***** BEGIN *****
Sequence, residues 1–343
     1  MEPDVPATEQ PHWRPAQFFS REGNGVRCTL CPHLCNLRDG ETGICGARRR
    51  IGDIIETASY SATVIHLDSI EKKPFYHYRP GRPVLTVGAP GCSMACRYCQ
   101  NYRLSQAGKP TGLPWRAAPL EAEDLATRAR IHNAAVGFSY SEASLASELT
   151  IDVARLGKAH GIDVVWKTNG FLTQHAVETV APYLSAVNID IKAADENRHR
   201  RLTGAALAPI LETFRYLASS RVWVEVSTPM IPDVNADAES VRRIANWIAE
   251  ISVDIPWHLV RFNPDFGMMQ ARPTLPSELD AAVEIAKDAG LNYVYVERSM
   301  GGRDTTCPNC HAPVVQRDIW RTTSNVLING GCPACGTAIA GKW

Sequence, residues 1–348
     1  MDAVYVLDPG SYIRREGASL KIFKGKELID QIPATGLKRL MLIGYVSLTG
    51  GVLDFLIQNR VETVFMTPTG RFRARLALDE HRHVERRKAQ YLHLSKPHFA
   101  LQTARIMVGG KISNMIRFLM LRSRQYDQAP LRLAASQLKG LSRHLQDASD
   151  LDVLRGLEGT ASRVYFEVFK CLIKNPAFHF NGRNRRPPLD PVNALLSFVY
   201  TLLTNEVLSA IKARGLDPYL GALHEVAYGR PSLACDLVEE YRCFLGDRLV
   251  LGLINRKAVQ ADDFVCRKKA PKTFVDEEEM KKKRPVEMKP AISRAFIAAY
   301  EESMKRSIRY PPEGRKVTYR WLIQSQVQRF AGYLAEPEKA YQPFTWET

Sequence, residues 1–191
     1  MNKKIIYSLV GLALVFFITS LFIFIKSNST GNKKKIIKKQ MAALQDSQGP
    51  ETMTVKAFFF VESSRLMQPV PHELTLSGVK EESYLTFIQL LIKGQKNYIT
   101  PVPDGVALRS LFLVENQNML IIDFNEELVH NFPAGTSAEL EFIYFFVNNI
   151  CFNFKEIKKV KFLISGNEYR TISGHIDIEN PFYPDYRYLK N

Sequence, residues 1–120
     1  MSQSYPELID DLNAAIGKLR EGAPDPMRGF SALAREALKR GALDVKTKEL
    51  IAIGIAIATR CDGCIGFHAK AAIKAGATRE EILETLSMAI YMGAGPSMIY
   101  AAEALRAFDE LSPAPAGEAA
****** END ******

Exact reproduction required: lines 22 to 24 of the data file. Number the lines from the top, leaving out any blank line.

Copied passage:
Sequence, residues 1–120
     1  MSQSYPELID DLNAAIGKLR EGAPDPMRGF SALAREALKR GALDVKTKEL
    51  IAIGIAIATR CDGCIGFHAK AAIKAGATRE EILETLSMAI YMGAGPSMIY